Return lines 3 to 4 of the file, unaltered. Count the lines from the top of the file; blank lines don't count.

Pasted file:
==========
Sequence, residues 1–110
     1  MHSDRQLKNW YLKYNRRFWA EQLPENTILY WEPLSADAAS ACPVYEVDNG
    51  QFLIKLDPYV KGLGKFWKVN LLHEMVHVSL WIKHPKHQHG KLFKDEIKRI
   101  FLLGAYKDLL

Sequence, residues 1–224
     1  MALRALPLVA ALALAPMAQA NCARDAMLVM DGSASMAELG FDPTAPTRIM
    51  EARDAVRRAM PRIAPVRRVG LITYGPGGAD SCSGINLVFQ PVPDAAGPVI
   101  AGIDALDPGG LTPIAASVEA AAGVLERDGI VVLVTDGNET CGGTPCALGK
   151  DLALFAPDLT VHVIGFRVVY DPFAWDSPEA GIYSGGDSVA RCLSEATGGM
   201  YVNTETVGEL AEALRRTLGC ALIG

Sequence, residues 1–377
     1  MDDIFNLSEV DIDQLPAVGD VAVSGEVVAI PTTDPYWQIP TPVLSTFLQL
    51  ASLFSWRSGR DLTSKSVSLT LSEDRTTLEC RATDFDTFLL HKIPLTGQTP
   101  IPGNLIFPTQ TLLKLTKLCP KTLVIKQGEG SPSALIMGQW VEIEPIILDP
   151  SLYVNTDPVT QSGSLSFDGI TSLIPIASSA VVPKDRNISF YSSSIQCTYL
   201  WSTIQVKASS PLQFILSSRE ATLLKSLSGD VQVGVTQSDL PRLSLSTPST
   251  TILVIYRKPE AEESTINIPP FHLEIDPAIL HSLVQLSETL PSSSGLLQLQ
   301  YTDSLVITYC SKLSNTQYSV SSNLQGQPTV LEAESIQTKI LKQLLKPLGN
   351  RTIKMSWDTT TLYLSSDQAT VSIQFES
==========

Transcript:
    51  QFLIKLDPYV KGLGKFWKVN LLHEMVHVSL WIKHPKHQHG KLFKDEIKRI
   101  FLLGAYKDLL